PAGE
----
Google believes it's just scratching the surface of search, with the firm stressing that the best is yet to come.
Speaking with The Guardian, the company's head of search Amit Singhal said how Google is amazed at how far search has come in the past ten years. However, pointing towards Knowledge Graph, he believes the best is yet to come.
Referring to his childhood love of Star Trek as inspiration, Singhal said, "I deeply believe now that shaped my thinking. The fascination with flying through galaxies and talking to a computer that could answer any question was always there for me. But of course I never imagined those problems would begin to be solved in my lifetime at all."
He then took out his phone and asks Google through voice what the population of London is and the height of Justin Bieber, with Google delivering answers through voice technology as well.
Discussing Google's Knowledge Graph, Singhal added that the firm's search engine technology is required to possess extensive knowledge of answers; it's required to understand that Justin Bieber is a human, what tallness actually is, the metric to answer in, as well as determining where to obtain such information from a reliable source.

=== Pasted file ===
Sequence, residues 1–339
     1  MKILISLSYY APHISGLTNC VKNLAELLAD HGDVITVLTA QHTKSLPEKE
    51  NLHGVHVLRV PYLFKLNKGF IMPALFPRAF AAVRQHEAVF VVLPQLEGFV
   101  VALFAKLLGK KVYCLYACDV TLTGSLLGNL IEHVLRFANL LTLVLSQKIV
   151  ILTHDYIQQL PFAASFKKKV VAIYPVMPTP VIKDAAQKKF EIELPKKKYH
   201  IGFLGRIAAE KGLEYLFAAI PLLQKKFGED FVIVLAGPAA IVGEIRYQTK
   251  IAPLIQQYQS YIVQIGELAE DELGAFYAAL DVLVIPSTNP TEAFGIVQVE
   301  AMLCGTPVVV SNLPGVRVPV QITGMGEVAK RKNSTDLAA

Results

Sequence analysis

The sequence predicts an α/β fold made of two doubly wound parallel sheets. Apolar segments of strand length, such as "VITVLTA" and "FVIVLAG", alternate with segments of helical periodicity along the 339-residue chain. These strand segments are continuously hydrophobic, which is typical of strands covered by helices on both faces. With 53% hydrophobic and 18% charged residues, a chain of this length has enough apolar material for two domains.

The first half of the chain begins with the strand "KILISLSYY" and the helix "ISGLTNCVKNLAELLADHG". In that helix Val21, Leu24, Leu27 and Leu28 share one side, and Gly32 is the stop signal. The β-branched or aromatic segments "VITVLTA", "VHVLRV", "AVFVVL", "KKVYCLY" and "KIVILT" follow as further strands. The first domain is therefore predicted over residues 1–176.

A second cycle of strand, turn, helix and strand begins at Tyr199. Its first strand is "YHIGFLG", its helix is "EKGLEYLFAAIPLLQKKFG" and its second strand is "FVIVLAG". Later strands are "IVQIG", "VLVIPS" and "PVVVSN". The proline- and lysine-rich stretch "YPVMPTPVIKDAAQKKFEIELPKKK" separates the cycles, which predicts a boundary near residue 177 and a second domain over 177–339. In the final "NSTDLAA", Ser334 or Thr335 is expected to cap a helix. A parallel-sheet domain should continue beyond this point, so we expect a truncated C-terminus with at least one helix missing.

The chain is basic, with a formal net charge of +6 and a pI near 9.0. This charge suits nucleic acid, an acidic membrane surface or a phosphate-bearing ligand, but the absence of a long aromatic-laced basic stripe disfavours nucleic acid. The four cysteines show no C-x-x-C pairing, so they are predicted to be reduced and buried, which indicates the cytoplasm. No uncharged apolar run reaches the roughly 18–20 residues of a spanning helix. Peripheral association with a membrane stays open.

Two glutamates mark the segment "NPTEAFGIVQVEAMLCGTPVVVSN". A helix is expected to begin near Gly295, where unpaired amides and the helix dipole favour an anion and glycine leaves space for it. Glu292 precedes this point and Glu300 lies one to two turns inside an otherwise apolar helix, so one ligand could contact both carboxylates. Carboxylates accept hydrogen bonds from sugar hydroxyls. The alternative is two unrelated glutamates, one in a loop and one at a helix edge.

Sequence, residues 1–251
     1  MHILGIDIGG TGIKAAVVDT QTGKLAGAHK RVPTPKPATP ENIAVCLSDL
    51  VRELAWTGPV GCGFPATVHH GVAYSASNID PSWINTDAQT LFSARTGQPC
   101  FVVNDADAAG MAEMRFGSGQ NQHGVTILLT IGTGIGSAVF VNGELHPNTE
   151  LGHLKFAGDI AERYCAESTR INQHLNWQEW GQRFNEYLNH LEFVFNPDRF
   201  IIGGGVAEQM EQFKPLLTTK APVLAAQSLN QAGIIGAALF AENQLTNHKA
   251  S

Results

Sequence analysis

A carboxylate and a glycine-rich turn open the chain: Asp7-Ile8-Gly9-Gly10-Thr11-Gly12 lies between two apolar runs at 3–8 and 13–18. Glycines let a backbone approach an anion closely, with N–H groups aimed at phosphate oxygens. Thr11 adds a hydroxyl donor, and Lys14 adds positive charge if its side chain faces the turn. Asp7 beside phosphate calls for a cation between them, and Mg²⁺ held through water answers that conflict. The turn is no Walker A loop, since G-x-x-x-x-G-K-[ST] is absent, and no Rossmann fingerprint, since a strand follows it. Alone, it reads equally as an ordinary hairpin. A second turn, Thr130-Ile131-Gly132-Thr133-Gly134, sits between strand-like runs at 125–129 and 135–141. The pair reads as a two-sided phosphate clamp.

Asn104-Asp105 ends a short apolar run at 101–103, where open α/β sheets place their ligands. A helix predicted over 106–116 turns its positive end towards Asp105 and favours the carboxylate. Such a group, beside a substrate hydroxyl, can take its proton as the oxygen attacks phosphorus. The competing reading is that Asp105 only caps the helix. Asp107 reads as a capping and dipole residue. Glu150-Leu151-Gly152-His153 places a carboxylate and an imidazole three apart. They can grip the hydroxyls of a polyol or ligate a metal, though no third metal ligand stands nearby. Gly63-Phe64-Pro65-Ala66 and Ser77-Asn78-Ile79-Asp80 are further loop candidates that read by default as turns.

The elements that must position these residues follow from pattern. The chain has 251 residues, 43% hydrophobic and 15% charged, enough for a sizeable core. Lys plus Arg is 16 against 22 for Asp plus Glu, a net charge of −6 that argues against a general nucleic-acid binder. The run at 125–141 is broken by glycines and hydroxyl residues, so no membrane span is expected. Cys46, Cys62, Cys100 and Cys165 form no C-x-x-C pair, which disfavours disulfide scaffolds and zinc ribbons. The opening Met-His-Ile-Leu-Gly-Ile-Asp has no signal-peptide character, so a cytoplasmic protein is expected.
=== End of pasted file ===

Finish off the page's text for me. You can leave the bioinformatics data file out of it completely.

Instead of simply offering a list of pages that mention the words one is searching for, Google Search has "begun to learn how to understand the real world of people, places and things".
"Nuance is what makes us human," he added. "The more accurate the machine gets, the lazier the questions become. So actually our lives get harder."
The Knowledge Graph, which launched during the May of 2012, provides users with more answers than solely links to pages. Google's ultimate goal is to "reduce every possible friction point between [the user], their thoughts and the information they want to find."
Google now processes every search through 570 million references, which results in 18 billion factual connections between them. Elsewhere, the company is currently developing A.I. search technology for intelligent PCs.
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Egg's came first, dinosaurs laid eggs.
It will be interesting when the Google network becomes self-aware. I will call her "Jane;" she will know why.
In my not-so humble opinion, search engines will never be good when they can't even recognize the difference between a capitalized word and a lower-case one.